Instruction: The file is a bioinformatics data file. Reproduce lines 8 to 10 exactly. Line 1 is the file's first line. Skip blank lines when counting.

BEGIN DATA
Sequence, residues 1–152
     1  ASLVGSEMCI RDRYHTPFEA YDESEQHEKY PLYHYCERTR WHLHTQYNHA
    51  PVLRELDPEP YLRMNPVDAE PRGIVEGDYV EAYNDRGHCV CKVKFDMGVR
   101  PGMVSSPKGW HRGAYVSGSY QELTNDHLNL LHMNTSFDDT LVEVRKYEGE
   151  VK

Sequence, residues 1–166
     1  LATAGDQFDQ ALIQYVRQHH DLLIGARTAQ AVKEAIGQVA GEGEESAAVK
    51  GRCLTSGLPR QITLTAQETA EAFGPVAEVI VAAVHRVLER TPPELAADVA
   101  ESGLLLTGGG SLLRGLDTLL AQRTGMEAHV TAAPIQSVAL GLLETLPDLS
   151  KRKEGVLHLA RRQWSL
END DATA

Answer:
    51  GRCLTSGLPR QITLTAQETA EAFGPVAEVI VAAVHRVLER TPPELAADVA
   101  ESGLLLTGGG SLLRGLDTLL AQRTGMEAHV TAAPIQSVAL GLLETLPDLS
   151  KRKEGVLHLA RRQWSL